2021 Toyota 4Runner

Reviews

The hills are calling and the 2021 Toyota 4Runner is ready to answer the call.

This year, the 4Runner returns with a new special edition but not much else has changed from last year.

The blocky, off-road SUV earns a 5.2 TCC Rating. Its capability and style give it some legs, but outdated safety scores and gas mileage take it down at the kneecaps. (Read more about how we rate cars.)

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A Trail Special Edition is new for the 4Runner, but not much else is. Toyota charges $37,515 for a base SR5 with rear-wheel drive and more than $50,000 for a four-wheel-drive TRD Pro—if you can find one. We see more value in the middle, with a deference for 4Runners that prefer dirt.

The blocky 4Runner’s truck roots show through in its stance and style. It’s upright, tough, and tall, a welcome throwback to coupe-shaped roofs applying to everything other than coupes.

Inside and under the hood, the 4Runner shows its age. It’s not as spacious as some rivals, and its controls and layout have aged about as well as episodes of “Two and a Half Men.”

Under the hood, the 4Runner relies on a 4.0-liter V-6 and 5-speed automatic transmission that’s up on fuel consumption and down on forward gears compared to others. Its trick is perceived reliability and off-road prowess—other than the Jeep Wrangler, no other SUV does what the 4Runner can.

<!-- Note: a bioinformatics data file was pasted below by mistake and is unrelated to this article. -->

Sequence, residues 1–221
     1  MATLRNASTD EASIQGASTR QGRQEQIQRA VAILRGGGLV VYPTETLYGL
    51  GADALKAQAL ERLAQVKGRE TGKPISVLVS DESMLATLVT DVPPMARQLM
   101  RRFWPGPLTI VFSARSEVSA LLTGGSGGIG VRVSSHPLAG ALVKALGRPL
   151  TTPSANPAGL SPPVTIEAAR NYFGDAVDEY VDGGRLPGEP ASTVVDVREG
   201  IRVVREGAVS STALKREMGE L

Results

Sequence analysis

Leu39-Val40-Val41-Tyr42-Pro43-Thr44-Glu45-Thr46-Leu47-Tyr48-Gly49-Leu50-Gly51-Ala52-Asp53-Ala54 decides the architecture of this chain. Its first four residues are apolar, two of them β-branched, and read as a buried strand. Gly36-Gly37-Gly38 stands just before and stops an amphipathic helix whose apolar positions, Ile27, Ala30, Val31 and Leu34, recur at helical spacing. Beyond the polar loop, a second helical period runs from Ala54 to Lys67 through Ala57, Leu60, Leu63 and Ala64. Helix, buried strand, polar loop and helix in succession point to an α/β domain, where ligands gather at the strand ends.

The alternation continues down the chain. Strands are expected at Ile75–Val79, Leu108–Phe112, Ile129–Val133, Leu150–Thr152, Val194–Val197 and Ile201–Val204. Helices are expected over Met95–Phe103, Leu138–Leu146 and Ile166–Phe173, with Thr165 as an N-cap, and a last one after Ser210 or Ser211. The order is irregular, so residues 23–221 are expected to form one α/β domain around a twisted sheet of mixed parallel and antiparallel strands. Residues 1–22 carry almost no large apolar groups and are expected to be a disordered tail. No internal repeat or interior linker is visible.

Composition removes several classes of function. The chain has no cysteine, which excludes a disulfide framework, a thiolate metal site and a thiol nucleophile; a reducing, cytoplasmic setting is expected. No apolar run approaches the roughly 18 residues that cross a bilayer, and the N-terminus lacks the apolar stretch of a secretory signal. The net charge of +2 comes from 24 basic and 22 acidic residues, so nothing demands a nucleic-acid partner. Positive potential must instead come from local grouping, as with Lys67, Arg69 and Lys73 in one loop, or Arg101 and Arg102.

Rear-drive is standard on SR5, Limited, and Premium models, and four-wheel drive is standard everywhere else. (When it’s not standard, we suggest it be added.)

The four-wheel-drive system is a part-time affair, and not suited to dry pavement. (Limited models get one that is.)

Interior room is on the small side for its size, although its cargo hold is capacious. An optional third-row seat is available but should be skipped.

The 4Runner’s outdated crash-test scores are supplemented with active safety features such as automatic emergency braking, adaptive cruise control, and active lane control.

Every 4Runner gets an 8.0-inch touchscreen and smartphone compatibility software. We steer more toward 4Runners with “TRD” in their names because they’re suited to the SUV’s mission: getting dirty.

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